rsdio writes: This is a strange one. It claims to prevent clipping, but still appears to introduce distortion. Perhaps the idea is that soft clipping is preferred to hard clipping? If there were a voltage-controlled gain input, then true peak limiting would be possible, but this seems to trade one form of distortion for another. In any event, if you are interested in audio distortion circuits, then this article should certainly be interesting. [via]
To enable an audio amplifier to accommodate both loud and soft-spoken voices without clipping the loud waveforms, you can implement a nonlinear transfer function by adding a few components to a standard application circuit.
Simple circuit limits amplifier output - [Link]
The LM3875 is a popular amplifier with amateur amplifier builders. This calculator, designed for non-inverting gainclone amplifiers derives the gain given the resistor choices that you make.
Non Inverting LM3875 Gain Calculator - [Link]
This amplifier is based on the PA100 parallel amplifier detailed in National Semiconductor’s application note – AN1192.
Since my DIY speaker is 4-ohm and somewhat difficult to drive, I want to have a more powerful amplifier to match with it. Therefore I designed this amplifier which uses two LM3886 per channel, in parallel circuit. This amp can deliver about 50W into a 8-ohm speaker and 100W into a 4-ohm speaker. This is a stereo amplifier and therefore 4 LM3886s are used.
100W LM3886 Parallel Stereo Power Amplifier – [Link]
The latest buzz in audio land is not DSP, MP5, ultra-low noise DACs or 96-bit encoding, but the rebirth of one of the largest and certainly most impressive sounding tube amplifiers ever built: the Philips EL6471 from 1955. [via]
2 x 1000 watts tube amplifier – [Link]
Today we did an project amplifier with LM386. This amplifier is very easy to make and very compact, works with a single power source whose value can be between 4V and 12V.It is based on the use of a type LM386 amplifier, capable alone to issue a power of several hundreds of milliwatts to a load (HP) of 8 ohms, while consuming only a few mA at rest. Ideal for make a small portable battery powered amp.For an application in stereo, just to build this amp in two examplaires.
Amplifier With LM386 - [Link]
One of the applications of 555 timers is a class D amplifier. In its most simplistic form it can be built with a single 555 and the 200mA current capability is enough to drive a small speaker, making it a good replacement for a low power amplifier. But I wanted more; I wanted to use it to build an amplifier that had enough power to allow listening to music in a small room. Adding a high power stage to a classical 555 class D amplifier was too easy, so I decided to build my own high power 555.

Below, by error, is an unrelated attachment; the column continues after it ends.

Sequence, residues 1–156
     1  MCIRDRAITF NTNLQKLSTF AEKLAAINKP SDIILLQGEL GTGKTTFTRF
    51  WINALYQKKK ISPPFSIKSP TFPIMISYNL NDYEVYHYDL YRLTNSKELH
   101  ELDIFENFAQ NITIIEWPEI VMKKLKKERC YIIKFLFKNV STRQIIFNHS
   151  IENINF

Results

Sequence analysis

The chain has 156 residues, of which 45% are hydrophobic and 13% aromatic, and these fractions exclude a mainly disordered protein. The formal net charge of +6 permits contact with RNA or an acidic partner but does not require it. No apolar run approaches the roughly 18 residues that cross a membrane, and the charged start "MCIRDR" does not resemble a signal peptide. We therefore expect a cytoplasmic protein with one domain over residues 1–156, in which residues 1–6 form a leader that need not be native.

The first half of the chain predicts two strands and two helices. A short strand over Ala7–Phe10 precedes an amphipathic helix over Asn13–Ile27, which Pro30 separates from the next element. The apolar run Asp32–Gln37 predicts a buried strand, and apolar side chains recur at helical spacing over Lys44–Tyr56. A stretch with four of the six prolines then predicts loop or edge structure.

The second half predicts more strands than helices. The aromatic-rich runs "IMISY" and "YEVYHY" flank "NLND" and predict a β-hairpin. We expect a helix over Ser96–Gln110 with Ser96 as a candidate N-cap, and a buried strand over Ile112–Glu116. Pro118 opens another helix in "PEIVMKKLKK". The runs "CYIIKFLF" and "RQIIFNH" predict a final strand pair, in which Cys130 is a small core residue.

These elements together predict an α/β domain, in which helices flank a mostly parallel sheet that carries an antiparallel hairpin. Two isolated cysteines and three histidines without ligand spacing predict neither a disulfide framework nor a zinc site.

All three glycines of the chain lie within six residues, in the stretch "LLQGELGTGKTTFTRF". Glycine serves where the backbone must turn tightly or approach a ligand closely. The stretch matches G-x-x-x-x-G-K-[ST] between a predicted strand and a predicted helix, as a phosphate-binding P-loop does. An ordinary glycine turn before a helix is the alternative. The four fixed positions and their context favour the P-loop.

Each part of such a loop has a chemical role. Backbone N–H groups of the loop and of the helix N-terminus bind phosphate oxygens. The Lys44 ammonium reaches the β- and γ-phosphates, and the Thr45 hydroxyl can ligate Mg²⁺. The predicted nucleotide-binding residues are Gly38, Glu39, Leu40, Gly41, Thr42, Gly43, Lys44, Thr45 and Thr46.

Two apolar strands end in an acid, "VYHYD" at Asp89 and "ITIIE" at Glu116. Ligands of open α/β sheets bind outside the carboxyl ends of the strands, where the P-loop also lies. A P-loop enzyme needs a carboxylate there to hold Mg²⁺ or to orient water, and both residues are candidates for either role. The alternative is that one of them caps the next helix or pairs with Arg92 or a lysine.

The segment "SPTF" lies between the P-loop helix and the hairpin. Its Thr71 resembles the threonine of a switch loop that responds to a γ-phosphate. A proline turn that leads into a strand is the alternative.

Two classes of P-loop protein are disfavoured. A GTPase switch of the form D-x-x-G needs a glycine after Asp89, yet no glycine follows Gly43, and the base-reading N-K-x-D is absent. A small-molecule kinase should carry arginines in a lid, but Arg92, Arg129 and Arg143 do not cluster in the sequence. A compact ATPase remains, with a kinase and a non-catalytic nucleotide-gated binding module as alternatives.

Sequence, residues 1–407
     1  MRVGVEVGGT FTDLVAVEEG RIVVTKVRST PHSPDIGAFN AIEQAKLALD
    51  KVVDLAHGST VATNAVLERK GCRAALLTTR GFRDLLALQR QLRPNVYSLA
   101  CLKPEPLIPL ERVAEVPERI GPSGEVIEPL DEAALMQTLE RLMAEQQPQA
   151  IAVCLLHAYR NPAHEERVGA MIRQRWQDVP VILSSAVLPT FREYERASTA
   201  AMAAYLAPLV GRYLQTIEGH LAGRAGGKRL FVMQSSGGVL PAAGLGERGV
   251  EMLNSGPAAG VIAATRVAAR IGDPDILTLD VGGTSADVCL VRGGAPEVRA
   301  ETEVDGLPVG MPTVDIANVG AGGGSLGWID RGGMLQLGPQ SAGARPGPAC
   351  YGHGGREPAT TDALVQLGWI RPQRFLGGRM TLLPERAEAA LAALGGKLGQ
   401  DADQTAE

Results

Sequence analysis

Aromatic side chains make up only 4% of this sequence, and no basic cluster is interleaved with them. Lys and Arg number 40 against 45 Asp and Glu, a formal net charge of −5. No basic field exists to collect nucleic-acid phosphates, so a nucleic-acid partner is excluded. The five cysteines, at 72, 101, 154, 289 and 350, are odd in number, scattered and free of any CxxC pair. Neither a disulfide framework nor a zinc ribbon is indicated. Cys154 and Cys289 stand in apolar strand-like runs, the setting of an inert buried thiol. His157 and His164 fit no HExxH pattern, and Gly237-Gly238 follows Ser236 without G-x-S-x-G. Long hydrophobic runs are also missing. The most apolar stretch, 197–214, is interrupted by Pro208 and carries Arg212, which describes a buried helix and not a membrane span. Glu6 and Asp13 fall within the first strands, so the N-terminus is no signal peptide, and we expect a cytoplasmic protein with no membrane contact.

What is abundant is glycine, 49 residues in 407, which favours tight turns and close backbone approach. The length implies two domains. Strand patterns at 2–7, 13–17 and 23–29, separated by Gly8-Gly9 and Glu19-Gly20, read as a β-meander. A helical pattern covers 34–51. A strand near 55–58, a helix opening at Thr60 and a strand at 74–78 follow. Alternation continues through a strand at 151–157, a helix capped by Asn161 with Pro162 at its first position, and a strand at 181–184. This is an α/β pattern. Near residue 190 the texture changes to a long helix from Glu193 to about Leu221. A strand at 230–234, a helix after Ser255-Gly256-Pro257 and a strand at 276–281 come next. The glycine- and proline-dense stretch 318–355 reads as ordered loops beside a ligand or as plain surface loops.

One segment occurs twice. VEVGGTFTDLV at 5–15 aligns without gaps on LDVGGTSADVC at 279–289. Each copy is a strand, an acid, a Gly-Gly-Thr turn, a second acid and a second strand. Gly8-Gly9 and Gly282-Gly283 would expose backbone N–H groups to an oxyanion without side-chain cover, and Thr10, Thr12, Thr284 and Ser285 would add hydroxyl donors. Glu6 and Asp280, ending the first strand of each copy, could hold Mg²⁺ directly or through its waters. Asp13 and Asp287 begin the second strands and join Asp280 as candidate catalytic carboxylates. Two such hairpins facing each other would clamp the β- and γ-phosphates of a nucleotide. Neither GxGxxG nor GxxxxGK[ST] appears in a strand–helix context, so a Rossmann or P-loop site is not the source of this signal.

555 class D amplifier - [Link]
Here’s a Leach Amplifier based on 2SC5200 and 2SA1943 output power transistors that can provide up to 700W of power. The mechanical design is relatively simple, the transistors are placed on the two cooling profiles with a height of 66 mm, width 44mm, overall length 260mm. They are turned against each other Thus, from the cooling tunnel. Coolers are attaching the nylon backing which allows the assembly of transistors without washers, and thus better transfer of heat. DPS amplifier is at the top of the tunnel and the transistors are soldered from the bottom of PCB.
700W Leach Amplifier – [Link]
The amplifier design includes not only the final stage of the source (rectifier, filter) and protection against DC voltage output amplifier and speaker connections delayed. As already mentioned, the amplifier is designed as a single-module. This means that on one common board rectifier, filter capacitors, protection And definitely amplifier. Regarding the components of the external solution, the solution based on the original Mr. Marshall Leach.
275W Leach Amplifier – [Link]
After I built several LM3875 and LM3886 gainclone amplifiers, I was totally impressed by their audiophile sound quality. My design goal is to create a audio power amplifier that can deliver 300W into my 4-ohm DIY speaker with low distortion. I want it to produce deep, tight and punchy bass while keeping the excellent mids and highs from my other gainclones. My design uses a PCB to hold 3 paralleled 3886s (i.e. PA150), and then I use the DRV134 to bridge 2 of the PA150 PCB boards. The function of DRV134 is to convert the un-balanced input signal to a balanced signal, so that the non-inverted signal is fed to one PA150, and the inverted signal is fed the another PA150. One of the PA150 is connected to the speaker’s positive input, and the other PA150 is connected to the speaker’s negative input. Because of this push-pull configuration, the total gain of the amplifier is doubled. Each PA150 has a gain of 20, so the gain of the BPA300 is 40.
300W 6x LM3886 Bridged Power Amplifier – [Link]
400W Stereo Audio Amplifier based on the original Marshall Leach involvement, but has made some improvements. Regarding the power supply voltage to the +-75V. VC comparing the performance of the modified Leach 700W/2R on one common board of both channels, as well as protection and control circuits for the fans. Compared to the 700W version a bit different in wiring. Because some things in the 700W version is completely tightened to perfection.
400W Stereo Marshall Leach Amplifier – [Link]